Today, the world's best institutions of higher learning bundle together a range of endeavors.  In one place you find people creating knowledge (researchers) and transmitting knowledge (teachers).  We call these people professors.   This is a wonderful model that I hope never goes away, as the best teachers are one's that involve their students in the process of knowledge discovery.  This model, however, is also very expensive and therefore has difficulty in going to scale.  Indian higher education needs to go to scale if the system is going to meet the demand for post-secondary slots and create a service economy based on knowledge work.   India must find a way to separate the research and teaching process, while at the same time insuring that neither of these tasks suffers.  

One method to successfully unbundle research from teaching, and therefore scale the amount of teaching that is possible, is to connect teaching institutions with institutions that research teaching.   India has the opportunity to prioritize the advancement of modern teaching and learning pedagogies in places where the country chooses to invest funds.  Rather than following the traditional path of investing government funds into basic scientific research, it will be necessary to spread those funds around to researchers whose mission it is to improve learning.   A large number of new universities devoted solely to teaching will be more likely to succeed (and to constantly evolve) if these new teaching institutions are connected with a long-range strategic initiative to improve learning via evidence based practices.   

3.  Disaggregate:  
Not only is the traditional university a place that bundles the roles of research and teaching, it also aggregates tasks of housing, feeding, entertaining, and supporting its students.   Again, the aggregated model of a traditional campus setting is a wonderful model of higher education.  But this aggregated model will prove to be prohibitively expensive in any effort to build out enough universities to meet the demand.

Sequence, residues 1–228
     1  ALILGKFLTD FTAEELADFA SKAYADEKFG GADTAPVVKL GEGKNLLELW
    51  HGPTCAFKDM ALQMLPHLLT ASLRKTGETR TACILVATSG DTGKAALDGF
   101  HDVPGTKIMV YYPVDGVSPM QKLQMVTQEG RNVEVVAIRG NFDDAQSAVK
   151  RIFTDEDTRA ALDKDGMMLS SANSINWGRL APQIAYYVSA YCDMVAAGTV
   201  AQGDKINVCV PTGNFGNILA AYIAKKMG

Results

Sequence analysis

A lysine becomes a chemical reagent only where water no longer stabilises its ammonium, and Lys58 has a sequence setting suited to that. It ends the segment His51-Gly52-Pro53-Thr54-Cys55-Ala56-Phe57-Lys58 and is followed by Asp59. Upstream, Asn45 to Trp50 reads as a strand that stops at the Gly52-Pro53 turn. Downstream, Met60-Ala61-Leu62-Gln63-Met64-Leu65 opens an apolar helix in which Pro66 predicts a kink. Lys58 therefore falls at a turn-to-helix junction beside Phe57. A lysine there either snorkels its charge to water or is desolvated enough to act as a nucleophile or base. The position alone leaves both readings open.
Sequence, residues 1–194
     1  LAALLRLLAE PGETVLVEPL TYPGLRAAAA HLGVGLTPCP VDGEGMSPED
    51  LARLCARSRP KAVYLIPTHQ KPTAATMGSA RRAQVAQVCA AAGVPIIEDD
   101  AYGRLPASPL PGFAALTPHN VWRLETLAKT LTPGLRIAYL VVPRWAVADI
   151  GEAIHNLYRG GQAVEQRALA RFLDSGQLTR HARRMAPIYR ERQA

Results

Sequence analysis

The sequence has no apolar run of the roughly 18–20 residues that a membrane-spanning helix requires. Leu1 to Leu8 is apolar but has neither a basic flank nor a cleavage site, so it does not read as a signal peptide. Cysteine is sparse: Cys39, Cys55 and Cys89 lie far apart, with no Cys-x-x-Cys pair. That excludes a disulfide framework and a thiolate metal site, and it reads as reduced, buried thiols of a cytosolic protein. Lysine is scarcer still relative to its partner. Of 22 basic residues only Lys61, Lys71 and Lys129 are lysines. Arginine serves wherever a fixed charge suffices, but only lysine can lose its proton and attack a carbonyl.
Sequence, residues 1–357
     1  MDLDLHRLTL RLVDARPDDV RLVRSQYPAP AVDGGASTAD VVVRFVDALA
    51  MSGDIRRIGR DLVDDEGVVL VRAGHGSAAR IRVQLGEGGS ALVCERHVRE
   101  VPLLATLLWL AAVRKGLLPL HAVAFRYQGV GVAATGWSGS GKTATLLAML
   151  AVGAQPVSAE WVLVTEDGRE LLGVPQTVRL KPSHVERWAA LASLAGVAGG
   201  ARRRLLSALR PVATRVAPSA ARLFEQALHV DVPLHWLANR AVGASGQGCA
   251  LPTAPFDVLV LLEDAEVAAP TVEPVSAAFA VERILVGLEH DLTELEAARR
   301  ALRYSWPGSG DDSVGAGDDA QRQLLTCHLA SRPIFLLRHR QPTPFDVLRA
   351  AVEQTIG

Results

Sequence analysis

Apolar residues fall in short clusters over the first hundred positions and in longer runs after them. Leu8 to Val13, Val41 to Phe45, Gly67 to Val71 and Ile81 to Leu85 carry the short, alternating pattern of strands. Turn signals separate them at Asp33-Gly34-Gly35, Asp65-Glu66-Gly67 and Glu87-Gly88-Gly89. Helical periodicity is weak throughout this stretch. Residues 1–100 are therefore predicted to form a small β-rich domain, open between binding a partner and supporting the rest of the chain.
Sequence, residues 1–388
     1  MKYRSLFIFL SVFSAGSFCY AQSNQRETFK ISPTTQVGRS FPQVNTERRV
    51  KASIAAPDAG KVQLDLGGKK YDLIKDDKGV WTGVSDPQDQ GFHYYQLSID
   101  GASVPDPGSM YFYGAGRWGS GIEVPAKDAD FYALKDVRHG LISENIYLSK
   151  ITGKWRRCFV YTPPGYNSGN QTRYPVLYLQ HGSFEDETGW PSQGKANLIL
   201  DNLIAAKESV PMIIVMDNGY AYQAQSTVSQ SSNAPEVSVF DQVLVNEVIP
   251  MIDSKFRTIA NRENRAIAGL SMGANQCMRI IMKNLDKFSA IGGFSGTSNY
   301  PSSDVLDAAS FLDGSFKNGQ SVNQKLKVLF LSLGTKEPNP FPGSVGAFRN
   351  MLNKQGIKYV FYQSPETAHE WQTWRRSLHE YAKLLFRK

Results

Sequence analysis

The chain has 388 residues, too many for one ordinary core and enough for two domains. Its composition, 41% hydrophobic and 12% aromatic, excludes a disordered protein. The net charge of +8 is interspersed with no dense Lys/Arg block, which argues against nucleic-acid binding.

Disaggregating the university does not mean simply doing away with every campus amenity, offering an education solely online or via an amenity barren campus.  Rather, India can lead the world in higher education specialization.  A campus need not be the place where the teaching is done, as teaching can be done via the web.  Maybe the campus becomes a cultural center, a gathering spot, or a place of research and knowledge creation.   Perhaps some students would desire and can afford to combine their post-secondary years with a residential experience.  Could this desire be met with lower cost residential campuses if the professors and teaching were developed and delivered separately from the place where the student's live?   Could specialized areas of teaching excellence be created that are available to a range of different types of students (from residential campus based learners to purely online students living at home), a system that would maintain quality but lower costs by allowing students to consume just those educational services that they most value?

Any effort to decouple, unbundle, and disaggregate an existing university is bound to meet fierce resistance from incumbents.   India has the luxury to begin building a modern post-secondary education system to serve its 1.2 billion people from a low numerical baseline.   India can rethink and re-imagine what a university can be.  When it comes to higher education in the early part of the 21st century, the rest of the world will learn from India's example.

[This article republished with permission from the author and the Tuck School of Business.]